And it’s not just Italy. Other lower-performing member states like Spain and Portugal have their own simmering problems. Greece is overleveraged, but the durations of its debt obligations have been spread out (average debt obligation is 26 years) to make them manageable, unlike in Italy, which passed on the opportunity. When the EU economy turns down, these economies will see their credit spreads blow out more than any other member states.
These countries, as a whole, benefit greatly from being part of the EU because all their financial problems and fiscal management effectively get socialized among the EU-28.
Of course, the high-performing economies – Germany, UK – inevitably get stuck with their bills and the resulting austerity measures that they don’t want or need when there’s a downturn.
9. The EU has major challenges that don’t structurally apply to other economies.
They don’t have a common fiscal policy. Italy and Spain try to flout the EU rules entirely. Many of them have to share a uniform monetary policy because of the euro. The euro’s value is too high for most of the EU, creating excessively tight financial conditions. They don’t have unity within countries or between countries; and there are major governance and sovereignty challenges.
The EU has structural issues that will come more to light when the economy turns down. Of all the major economies, Europe will be the most strained.
10. Yet in terms of monetary policy, the EU’s rates are still at zero or in negative territory – negative-40 basis points on the deposit facility and zero-flat on the refinancing rate. All the bad debt and structurally unprofitable enterprises will come forward when the ECB isn’t as accommodative moving ahead and investment hurdle rates are restored (if they can get there).
11. The market consensus is that the EU will appreciate against other developed market economies over the next five years. We can view this by looking at the forward futures curve.
However, I think this consensus is incorrect.
Financial and trade flows are a big part of what make currencies move. The current account is a big part of that, capturing trade (exports and imports), investment flows, and foreign transfer payments. When a country has a current account surplus, that suggests that the currency is overvalued. When a country has a current account deficit, that suggests that the currency is undervalued because funding needs to be supplied to finance it.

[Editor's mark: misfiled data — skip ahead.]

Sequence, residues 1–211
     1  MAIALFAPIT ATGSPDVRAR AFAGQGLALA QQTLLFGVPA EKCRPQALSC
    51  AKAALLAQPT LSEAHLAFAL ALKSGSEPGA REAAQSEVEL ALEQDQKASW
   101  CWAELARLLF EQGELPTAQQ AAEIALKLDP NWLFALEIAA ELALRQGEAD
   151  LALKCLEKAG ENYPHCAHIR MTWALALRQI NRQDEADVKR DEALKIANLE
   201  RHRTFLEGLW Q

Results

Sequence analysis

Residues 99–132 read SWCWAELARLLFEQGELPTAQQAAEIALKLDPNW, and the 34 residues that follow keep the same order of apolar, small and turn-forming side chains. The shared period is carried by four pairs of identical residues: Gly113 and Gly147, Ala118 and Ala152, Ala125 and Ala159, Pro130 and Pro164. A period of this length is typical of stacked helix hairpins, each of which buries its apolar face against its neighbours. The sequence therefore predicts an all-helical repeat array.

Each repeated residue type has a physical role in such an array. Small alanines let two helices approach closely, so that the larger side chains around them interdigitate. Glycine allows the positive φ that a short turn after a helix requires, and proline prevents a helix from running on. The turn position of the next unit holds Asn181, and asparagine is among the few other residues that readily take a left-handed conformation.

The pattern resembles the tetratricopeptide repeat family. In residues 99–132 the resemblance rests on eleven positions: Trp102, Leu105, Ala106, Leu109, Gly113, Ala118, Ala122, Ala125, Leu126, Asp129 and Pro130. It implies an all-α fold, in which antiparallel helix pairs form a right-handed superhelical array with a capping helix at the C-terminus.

Many see the euro zone as a current account surplus bloc at roughly 3.5% of its GDP. However, that surplus is a reflection of large output gaps in the weaker member states – e.g., Italy, Spain, and Portugal. Once you adjust for those gaps and factor in recent euro strength, the current account is actually negative.
The euro also lags in terms of its value as a reserve currency. The main reason for this is because there isn’t more supply of the euro zone’s predominant reserve asset – the German bund. Eighty percent of all bunds are held by the European Central Bank and “foreign official” (i.e., foreign central banks) and the supply is diminishing.
The UK leaving the EU will create some short-term headaches, but over the long-run, it will likely not matter. It’s similar to a heart transplant. In the near-term, it will weaken the country to a degree due to uncertainty creating a reluctance to invest and tamping down on consumer and business confidence. Over the long-term, the economy, its equity market, and the pound will very likely be perfectly fine.